- Find out more about electronic shutters in our in-depth post.
7. Continuous shooting and buffer
As mentioned above, the a9 is capable of shooting at 20fps with AE and AF tracking thanks to its Exmor RS sensor. It does this by using the electronic shutter which also allows for a medium speed of 10fps. If you prefer to use the mechanical shutter, the speed goes down to 5fps.
The a99 II can’t reach 20fps but is capable of 12fps with continuous AF. Considering the higher megapixel count, the speed is nothing short of impressive.
Another advantage of the electronic shutter on the a9 is the absence of blackouts produced by the mechanical curtains. Furthermore the camera allows you to maintain a live view (EVF/LCD) with a refresh rate of 60fps while shooting in continuous mode, which means that there is no delay between what’s happening and what you are seeing. What’s more, the real time view remains clear of any blackout interference.
The a99 II allows you to keep a live view with short blackouts up to 8fps. At 12fps the last image taken is shown instead.
Concerning the buffer, the a9 once again takes advantage of its stacked memory for continuous recording up to 362 JPGs and 241 RAWs. The a99 II does 60 JPGs and 54 RAW files approximately by comparison but of course we mustn’t forget the higher resolution of the A-mount camera.
8. Video capabilities
Both cameras are capable of recording 4K video up to 30fps and 100mbps with full pixel readout but there are several differences in how they do this, as well as the options available.
The a9 records 4K without a sensor crop by using approximately 20MP on the sensor which is the equivalent of 6K. It then downscales the footage to 4K.
The a99 II records 4K without pixel binning in Super35/APS-C mode (1.5x sensor crop) where it uses 15MP and downscales to 4K resolution.
Both cameras feature the Slow and Quick motion mode that allows you to choose between 1fps and 120fps in 1080p. Here as well the a9 can do it without a sensor crop.
Finally the a99 II has the advantage of having picture profiles and S-log2 and S-log3 gamma curves unlike the a9.
Despite having a larger body, the a99 II battery has less capacity. The NP-FM500H has 1600mAh and can save up to 490 shots or record video for approximately 135 minutes (CIPA standards).
The a9 comes with a newly developed battery with 2280mAh. It can record up 650 images or 195 min of video footage.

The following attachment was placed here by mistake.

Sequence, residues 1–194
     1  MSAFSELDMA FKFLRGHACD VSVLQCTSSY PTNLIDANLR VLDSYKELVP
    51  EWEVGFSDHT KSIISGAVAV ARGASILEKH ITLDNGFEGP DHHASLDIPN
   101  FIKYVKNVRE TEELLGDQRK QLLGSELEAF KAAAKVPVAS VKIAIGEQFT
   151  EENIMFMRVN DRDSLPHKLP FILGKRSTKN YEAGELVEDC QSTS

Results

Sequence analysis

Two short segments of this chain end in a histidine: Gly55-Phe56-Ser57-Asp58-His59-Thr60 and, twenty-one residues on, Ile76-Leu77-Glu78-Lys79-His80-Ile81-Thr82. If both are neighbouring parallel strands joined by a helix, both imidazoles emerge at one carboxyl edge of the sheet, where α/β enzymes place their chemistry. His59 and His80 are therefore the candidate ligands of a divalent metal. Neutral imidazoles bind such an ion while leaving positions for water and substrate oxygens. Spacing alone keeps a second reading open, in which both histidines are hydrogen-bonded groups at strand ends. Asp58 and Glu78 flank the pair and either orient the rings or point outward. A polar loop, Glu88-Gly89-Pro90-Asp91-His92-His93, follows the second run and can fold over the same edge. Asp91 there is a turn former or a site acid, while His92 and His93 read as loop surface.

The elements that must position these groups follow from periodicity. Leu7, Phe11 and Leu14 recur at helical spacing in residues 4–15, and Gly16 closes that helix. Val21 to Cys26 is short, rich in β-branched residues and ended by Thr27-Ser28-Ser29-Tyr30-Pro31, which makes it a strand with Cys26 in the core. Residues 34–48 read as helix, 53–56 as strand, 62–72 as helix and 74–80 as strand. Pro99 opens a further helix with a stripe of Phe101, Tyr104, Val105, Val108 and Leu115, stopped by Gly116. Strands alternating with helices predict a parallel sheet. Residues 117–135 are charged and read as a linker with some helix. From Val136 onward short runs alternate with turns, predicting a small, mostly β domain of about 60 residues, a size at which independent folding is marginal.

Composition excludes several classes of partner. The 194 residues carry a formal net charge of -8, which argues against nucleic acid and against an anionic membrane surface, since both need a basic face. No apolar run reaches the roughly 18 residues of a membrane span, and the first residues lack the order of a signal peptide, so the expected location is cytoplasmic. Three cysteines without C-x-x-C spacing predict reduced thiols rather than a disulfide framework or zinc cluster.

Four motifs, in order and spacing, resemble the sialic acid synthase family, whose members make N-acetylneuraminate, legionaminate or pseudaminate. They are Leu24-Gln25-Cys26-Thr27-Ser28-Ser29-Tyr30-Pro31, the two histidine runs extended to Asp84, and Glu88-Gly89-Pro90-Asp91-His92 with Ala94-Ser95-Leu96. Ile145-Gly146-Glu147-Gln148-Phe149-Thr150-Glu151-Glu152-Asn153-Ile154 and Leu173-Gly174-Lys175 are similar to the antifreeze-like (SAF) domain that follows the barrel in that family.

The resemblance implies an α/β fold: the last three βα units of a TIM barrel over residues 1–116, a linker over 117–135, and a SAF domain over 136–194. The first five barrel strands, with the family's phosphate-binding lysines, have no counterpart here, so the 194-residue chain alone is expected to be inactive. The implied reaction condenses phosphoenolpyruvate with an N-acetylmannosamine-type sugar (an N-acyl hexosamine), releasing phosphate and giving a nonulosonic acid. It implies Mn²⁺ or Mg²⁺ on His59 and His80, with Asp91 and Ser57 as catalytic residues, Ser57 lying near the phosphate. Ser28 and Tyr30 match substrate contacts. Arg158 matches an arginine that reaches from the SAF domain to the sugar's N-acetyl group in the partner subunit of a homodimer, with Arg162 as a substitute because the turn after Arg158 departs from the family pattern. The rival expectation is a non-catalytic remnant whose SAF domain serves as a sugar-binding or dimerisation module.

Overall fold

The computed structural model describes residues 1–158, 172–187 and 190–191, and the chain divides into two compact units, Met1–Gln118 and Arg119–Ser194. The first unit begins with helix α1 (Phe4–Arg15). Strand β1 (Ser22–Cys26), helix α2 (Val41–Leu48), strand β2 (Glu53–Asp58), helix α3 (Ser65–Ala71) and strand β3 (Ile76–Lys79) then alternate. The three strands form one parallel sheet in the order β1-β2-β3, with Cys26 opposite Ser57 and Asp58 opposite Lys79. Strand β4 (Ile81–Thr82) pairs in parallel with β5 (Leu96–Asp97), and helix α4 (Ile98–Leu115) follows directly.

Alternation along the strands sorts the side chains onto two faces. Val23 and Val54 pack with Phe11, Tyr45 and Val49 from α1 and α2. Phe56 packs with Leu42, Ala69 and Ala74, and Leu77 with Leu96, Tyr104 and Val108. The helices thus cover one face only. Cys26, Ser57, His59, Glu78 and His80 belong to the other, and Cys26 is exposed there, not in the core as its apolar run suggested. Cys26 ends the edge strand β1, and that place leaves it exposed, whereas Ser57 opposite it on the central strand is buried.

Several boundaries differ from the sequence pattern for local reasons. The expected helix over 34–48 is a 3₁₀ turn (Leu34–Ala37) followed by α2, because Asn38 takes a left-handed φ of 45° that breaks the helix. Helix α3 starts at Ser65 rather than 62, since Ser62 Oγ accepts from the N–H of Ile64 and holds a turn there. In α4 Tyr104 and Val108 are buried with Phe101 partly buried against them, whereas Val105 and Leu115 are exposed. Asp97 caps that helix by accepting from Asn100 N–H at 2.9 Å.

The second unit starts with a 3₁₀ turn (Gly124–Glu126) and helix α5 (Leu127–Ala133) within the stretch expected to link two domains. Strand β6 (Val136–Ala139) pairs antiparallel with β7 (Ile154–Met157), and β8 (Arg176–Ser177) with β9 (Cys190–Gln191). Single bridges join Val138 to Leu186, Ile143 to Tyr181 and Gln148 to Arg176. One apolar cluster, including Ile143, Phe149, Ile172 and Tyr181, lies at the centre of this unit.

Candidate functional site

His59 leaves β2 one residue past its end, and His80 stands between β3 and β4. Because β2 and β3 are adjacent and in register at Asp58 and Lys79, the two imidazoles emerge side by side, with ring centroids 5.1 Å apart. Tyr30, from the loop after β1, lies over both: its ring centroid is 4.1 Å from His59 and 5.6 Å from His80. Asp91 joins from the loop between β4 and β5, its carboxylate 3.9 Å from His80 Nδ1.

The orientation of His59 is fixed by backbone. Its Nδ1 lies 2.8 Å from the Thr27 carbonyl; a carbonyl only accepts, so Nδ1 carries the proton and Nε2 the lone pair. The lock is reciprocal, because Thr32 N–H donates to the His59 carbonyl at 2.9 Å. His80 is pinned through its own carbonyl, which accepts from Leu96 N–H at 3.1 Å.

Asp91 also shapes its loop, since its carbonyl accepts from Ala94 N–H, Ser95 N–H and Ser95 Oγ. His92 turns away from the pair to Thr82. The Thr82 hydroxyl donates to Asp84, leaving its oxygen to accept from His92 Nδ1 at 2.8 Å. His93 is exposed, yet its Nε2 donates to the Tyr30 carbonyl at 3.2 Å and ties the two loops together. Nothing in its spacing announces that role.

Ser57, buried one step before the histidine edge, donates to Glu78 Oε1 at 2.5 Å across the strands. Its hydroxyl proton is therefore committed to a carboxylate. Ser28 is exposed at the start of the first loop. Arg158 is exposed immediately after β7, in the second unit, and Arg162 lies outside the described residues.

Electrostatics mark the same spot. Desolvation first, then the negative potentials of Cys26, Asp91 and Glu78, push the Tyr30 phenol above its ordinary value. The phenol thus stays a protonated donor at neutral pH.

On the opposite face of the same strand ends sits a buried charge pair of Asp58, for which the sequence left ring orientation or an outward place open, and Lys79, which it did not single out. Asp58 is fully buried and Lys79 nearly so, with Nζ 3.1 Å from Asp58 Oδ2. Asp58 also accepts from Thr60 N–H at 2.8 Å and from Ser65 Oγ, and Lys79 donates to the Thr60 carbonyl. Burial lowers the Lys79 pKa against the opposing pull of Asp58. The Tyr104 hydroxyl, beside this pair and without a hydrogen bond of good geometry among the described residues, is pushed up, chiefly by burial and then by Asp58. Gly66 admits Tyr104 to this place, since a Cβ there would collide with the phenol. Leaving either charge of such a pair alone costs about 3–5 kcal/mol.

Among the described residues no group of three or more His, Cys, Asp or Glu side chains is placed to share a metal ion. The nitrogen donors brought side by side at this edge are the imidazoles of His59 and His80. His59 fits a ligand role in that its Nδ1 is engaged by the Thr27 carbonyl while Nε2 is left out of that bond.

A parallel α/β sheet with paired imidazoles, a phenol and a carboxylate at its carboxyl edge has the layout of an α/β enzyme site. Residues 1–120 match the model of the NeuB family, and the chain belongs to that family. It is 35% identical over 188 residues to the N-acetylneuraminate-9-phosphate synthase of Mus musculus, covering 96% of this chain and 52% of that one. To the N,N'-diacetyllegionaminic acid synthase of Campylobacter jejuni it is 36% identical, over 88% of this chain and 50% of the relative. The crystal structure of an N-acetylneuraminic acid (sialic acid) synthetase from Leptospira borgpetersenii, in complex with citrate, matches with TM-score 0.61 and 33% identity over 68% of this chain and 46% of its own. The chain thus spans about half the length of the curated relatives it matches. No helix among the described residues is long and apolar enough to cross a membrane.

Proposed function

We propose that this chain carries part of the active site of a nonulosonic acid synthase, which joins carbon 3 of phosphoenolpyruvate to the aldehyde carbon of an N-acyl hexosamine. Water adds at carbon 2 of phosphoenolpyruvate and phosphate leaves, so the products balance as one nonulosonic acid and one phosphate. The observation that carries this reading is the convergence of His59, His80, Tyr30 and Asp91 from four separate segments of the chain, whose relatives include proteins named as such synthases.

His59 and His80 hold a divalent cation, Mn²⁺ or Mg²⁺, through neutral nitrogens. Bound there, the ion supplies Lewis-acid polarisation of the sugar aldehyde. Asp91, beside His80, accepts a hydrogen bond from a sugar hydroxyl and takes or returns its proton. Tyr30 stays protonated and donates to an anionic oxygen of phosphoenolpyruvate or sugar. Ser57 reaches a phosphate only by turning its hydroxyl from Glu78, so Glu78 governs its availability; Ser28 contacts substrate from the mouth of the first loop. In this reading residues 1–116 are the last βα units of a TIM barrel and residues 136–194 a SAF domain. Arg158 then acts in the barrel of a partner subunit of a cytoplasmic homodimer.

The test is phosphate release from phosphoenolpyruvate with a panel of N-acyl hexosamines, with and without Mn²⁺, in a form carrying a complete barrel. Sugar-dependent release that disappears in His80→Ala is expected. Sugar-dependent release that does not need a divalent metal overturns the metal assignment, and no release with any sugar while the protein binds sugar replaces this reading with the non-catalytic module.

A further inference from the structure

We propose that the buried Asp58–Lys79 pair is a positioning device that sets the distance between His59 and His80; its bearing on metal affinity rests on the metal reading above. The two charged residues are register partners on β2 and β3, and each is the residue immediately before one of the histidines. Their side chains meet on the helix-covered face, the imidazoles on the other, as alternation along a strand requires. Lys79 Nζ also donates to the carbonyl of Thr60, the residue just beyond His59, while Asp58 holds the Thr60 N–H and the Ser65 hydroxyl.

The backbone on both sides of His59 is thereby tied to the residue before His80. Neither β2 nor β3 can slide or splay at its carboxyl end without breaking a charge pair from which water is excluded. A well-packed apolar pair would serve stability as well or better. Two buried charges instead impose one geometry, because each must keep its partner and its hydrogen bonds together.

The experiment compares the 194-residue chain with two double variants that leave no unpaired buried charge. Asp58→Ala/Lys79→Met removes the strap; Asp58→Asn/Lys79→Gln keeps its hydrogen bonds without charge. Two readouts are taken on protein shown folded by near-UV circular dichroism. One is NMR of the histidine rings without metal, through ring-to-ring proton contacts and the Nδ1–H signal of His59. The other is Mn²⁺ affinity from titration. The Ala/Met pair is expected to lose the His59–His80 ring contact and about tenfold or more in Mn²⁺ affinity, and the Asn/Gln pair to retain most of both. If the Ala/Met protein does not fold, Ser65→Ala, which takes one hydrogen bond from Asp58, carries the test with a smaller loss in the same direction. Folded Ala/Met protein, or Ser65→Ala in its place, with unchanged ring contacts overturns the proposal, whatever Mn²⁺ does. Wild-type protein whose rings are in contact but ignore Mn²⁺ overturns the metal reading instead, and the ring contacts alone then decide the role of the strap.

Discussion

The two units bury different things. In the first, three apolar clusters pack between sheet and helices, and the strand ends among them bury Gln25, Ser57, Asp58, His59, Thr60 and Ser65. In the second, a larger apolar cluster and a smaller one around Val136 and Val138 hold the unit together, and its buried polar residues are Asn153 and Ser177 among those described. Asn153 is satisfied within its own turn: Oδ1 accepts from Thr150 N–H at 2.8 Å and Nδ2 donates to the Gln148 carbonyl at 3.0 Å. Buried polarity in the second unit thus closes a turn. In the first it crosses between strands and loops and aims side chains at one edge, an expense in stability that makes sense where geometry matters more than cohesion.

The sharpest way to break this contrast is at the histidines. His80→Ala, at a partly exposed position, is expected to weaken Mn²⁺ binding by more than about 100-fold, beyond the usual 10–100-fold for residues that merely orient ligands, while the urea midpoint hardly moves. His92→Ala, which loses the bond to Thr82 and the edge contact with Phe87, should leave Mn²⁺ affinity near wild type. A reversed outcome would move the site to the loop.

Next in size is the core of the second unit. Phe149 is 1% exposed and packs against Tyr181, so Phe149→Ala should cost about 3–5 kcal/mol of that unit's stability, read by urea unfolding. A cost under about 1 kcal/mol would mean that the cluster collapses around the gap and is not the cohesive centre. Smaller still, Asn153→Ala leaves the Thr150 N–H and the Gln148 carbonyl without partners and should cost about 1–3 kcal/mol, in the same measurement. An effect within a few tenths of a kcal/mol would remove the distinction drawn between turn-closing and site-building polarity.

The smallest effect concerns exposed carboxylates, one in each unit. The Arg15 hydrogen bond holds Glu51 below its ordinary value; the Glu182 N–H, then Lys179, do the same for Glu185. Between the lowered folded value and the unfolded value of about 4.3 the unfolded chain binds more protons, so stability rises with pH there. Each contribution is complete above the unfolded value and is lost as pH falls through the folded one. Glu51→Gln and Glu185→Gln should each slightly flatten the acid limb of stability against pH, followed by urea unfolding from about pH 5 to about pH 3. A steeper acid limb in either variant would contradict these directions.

Both cameras have an optional battery grip but only the a9 can be charged via USB.
10. Interface and wireless connections
Both cameras feature a microphone input, headphone output, micro USB, HDMI ports and a Sync terminal.
The A9 also sports a LAN/Ethernet connection while the a99 II has a DC power and remote control inputs.
Concerning the wireless capabilities, they share Wifi, NFC and Bluetooth (for geotagging) but the a99 II also has infrared for remote control.
The Sony a9 and a99 mark II are the flagship full-frame cameras for their respective systems: the E-mount and A-mount. They have both been designed with professionals in minds – particularly sports and wildlife photographers thanks to their advanced autofocus systems and fast continuous shooting speeds. There are, however, many differences that set them apart, starting with the price: the newest mirrorless camera can be found for $4500/£4500/€5300 while the a99 II is available at $3200/£3000/€3300.
Comparing the specifications and features of these two cameras is interesting because it also permits us to analyse Sony’s strategy. To me, it is clear that the brand sees mirrorless as the future. Even if the a99 II has very advanced capabilities, it is the a9 that they are pushing as a real competitor for the high-end DSLR market and sports photography. This doesn’t actually come as a surprise since Sony recently climbed to the #2 spot in the US in the full-frame market thanks to the success of the A7 series.
For now, Sony doesn’t want to kill off the A-mount system because doing so could potentially alienate customers who have already invested in the system. To release an A-mount flagship with all the most recent technology the brand has been developing over the past couple of years was justified. However, if you are new to the Sony world, it might make more sense to invest in the mirrorless system as the future is uncertain for DSLT cameras, especially now that they stand in direct competition with the E-mount products.